Inventor Sir James Dyson has criticised the UK government for putting "web fads and video gaming" ahead of more "tangible technology" that Britain can export.
Will 2013 be the year that tablets overtake laptops as the most-shipped type of computer tech? Market watcher NPD DisplaySearch certainly thinks so. It now reckons some 240 million tablets ranging in screen size from 5.6 inches to 13.3 will ship during 2013 - almost 16 per cent more than the 207 million notebooks that will ship in the same timeframe.
Product Round-upMonitors don’t age very well; growing, as they do, dimmer and yellower as time passes. Premium panel technologies are now also considerably cheaper than they once were, so if you haven’t updated your display in a while, the chances are it’s now more than a little bit rubbish.
AnalysisIBM's decision to sell its PC business to Chinese manufacturer Lenovo in 2004 seemed rather curious.
Nvidia has plugged a critical flaw in its graphics card software that allowed hackers to gain "super-user" access to vulnerable PCs over a network.
From time to time we dip into El Reg Forums to highlight questions raised by our commentards. Today we republish this post from Thomas 4, who writes:
Western Digital could topple Seagate as the king of enterprise disk shipments thanks to its helium drives, according to analysts IHS. The technology is being developed by WD's subsidiary Hitachi GST.
Scientists scrubbing up data about starlight from NASA's Kepler telescope have used it to estimate that there are 17 billion other Earths in our galaxy, the Milky Way.
Tech giants Oracle, Xerox, Dell, CSC and Symantec paid no corporate tax in the UK last year despite pocketing nearly £500m from public-sector IT contracts, it was claimed last night.
US book distributor ReaderLink will be pushing German firm txtr's impossibly cheap ereader into US grocery and drug stores, launching a new cloud platform which will also support the devices. The cheap ereaders cost a mere €10 on this side of the pond, but dollar pricing has not yet been announced.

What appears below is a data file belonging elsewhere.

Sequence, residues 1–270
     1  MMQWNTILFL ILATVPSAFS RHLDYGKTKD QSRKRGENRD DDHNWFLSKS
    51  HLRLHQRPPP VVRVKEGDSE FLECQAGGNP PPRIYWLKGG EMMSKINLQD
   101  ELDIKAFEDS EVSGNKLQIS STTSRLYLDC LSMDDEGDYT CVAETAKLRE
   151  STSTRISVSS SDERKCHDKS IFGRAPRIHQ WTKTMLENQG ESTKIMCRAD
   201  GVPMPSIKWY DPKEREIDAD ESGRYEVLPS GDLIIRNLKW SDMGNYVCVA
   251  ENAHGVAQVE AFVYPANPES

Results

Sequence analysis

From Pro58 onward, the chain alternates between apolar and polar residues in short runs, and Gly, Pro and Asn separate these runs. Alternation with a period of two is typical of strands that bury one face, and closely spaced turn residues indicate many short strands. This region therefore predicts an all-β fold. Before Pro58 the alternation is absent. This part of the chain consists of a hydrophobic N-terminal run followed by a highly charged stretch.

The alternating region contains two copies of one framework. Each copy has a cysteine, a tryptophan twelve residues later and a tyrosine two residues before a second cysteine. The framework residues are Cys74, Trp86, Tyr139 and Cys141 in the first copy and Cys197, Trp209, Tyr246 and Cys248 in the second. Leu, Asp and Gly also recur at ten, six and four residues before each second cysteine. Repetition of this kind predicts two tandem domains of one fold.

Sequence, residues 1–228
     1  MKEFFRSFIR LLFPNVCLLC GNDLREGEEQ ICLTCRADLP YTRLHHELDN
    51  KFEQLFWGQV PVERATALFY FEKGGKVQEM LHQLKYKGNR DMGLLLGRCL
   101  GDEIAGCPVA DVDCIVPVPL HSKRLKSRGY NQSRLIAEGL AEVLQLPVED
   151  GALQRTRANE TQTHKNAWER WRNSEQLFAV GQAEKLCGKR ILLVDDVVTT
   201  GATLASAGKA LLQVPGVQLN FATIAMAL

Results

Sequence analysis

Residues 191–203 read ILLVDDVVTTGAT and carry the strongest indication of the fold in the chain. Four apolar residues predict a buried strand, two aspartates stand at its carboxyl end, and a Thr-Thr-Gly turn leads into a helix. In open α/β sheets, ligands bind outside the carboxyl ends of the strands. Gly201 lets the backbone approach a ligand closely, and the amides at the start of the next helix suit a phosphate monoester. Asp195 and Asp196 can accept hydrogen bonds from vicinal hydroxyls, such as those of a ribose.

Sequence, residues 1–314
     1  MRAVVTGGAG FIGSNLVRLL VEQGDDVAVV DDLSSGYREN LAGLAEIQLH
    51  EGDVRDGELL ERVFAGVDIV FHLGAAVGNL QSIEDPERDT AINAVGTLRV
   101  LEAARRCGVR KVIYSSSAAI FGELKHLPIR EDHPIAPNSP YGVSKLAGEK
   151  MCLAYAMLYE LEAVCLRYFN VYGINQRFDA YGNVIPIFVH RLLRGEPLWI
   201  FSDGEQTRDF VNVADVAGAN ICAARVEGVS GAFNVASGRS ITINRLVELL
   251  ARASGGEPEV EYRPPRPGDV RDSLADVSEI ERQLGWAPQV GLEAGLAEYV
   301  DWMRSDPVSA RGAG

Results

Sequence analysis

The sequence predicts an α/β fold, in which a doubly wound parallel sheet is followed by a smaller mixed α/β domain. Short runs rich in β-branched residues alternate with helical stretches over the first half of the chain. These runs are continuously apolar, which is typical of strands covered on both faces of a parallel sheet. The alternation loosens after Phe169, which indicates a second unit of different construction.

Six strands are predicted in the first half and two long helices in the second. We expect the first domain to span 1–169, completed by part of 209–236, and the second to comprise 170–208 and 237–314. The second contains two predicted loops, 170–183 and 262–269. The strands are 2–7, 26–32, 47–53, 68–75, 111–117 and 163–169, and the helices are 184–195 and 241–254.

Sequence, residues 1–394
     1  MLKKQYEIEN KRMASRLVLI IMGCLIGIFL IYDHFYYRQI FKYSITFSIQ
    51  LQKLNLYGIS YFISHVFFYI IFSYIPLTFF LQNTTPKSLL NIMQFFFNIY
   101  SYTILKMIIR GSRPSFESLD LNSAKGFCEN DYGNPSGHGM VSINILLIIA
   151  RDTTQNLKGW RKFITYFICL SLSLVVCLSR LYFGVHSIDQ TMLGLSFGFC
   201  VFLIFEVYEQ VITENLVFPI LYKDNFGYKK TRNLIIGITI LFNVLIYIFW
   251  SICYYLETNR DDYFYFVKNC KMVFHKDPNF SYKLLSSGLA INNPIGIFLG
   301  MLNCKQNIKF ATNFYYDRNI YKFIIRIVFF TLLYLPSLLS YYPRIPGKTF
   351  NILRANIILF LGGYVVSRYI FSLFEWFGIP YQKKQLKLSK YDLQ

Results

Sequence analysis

VidAn alleged computer hacker implicated in the theft of millions of dollars from US banks accounts has been arrested in Bangkok, Thailand.
CES 2013Dell, is that a memory stick-sized Android computer in your pocket or are you just pleased to see me? The former, it turns out.
Open ... and ShutOnce upon a time any problem at Microsoft could be magically resolved with a new Windows release. Since Windows Vista, however, that formula hasn't worked. In fact, according to new sales data from NPD Group, it may be getting worse.
Samsung Electronics has released its pre-earnings guidance ahead of revealing its full figures for 2012, and the topline figures for the quarter show that money has been pouring in for the South Korean tech titans.
Red Hat’s Enterprise Linux 5.9 has landed with some cloudy love from Microsoft.
EMC has just bought storage and cloud automation biz iWave, which does business with several of EMC's storage rivals.
'Tis the season for executive management changes. David Johnson, the mergers and acquisition chief that Michael Dell lured away from IBM, is leaving Round Rock to return to the Empire State.
CES 2013Seagate is showing off two new "cloud storage alternatives" at the Las Vegas CES shindig. Both are disk products that wirelessly stream data to mobile devices and back up a network of home desktop and notebook computers.
CES 2013A San Francisco company wants to help laptop, tablet, and smartphone manufacturers in their seemingly insatiable desire to create thinner and thinner devices. Its solution is to replace keyboards and other physical user-interface elements with electro mechanical polymer (EMP) keys that provide localized and individualized haptic feedback.
Google is setting up a free outdoor Wi-Fi zone around its New York headquarters in the Chelsea district, making it available to local residential homes and schools.
A team of scientists and broadcasters have captured the first images of a giant squid swimming and feeding in its natural environment.
The company to which Australia outsources operations of its Do Not Call Register has been fined for making telemarketing calls to numbers listed on the Register (not The Register, which we italicise).
As Australia lurches from fiery catastrophe to fiery catastrophe, researchers have proposed the use of drones to provide better predictions of how bushfires may behave.